Saturday, February 18, 2012


Vivi-Mari Carpelan: "X- Surviving in the World of the Fitter", 2011/2012)

Notice the changes? I decided - with a little help from Martin - that the figure was too domineering  and that I was going to take a chance with it and change it. I have also had so much anxiety about my art during the past three days that I have had to concede that large pictures like this just don't work for me. It's too hard for me physically, but it's also a process so long that I find it extremely hard to keep it all together. It's easy to feel stuck, to loose a sense of flow. Collaging by hand is difficult already as it is, because once you stick something down, it's very hard to change it. I will have to leave this one now but I feel that having spent so much time on it - two or three months all in all - it's very important to me. In fact, it's too important. I can't just discard it with any ease, and it weighs me down. I have felt like I'm cracking up, I have felt that I can't deal with being an artist. If I am to continue doing art, I have to re-discover some joy in the process, and that basically means it has to be much less effort and much less serious in terms of the energy I have spent on it. I also have to ask myself if it's that important to me to be considered a "contemporary artist" by people who have a very narrow definition of it. One of the crimes seems to be to express yourself  through your art work rather than comment on social injustice or attitudes, as this is the way many define "contemporary art". Perhaps I'm wrong but it seems to me that as soon as you speak of your subjective experiences, you're out of the game. From my point of view, however, you cannot be truly empathic and offer relevant social commentary unless you start with your own feelings. I actually try to do both.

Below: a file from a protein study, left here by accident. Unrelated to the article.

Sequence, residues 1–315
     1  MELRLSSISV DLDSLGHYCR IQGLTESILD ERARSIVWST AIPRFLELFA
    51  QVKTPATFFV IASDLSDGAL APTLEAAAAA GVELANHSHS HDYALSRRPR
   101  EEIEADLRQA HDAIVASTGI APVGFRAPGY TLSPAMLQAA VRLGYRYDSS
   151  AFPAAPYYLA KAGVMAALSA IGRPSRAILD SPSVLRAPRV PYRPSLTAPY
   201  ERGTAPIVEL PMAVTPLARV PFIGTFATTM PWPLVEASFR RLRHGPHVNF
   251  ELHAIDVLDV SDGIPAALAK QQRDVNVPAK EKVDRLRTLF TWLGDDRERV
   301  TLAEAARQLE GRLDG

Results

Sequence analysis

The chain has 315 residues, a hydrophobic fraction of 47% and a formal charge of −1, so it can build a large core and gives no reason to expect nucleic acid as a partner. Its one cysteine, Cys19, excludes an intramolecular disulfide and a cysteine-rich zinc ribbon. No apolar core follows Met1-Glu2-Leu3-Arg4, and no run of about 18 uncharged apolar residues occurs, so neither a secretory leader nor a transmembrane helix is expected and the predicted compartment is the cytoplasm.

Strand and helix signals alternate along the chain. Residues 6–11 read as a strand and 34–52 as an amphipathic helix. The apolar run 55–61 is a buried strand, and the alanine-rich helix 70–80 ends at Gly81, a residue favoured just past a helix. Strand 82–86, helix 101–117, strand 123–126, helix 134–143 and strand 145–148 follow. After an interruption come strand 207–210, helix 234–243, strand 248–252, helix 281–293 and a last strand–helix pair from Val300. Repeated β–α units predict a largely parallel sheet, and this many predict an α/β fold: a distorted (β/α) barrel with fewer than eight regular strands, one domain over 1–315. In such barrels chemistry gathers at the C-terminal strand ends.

Some events triggered very deep feelings in me regarding rejection and the eternal attempts to try and be strong within myself no matter what other people think - apparently I can only suppress my frustration for so long, and at some point the feelings need dealing with. Many small "hurts" accumulate and become an overwhelming avalanche by the end of the day...

By the way, Martin also feels that there is greater flow in his work now that he's not dwelling on oil paintings for months on end. I think he shouldn't abandon this medium but I do feel that it's very good for him to work more swiftly at this point in time, as he's able to build up a more substantial looking body of work quicker and also have a greater turn over of ideas. He's not getting any younger, and as much as I hate saying this it's a fact that the older you are when you emerge as an artist, the less likely you are to be taken seriously. Needless to say we both fight this trend but one also has to remain realistic. He has support from several people in the art world here in Wales, but being recognized is still a battle.

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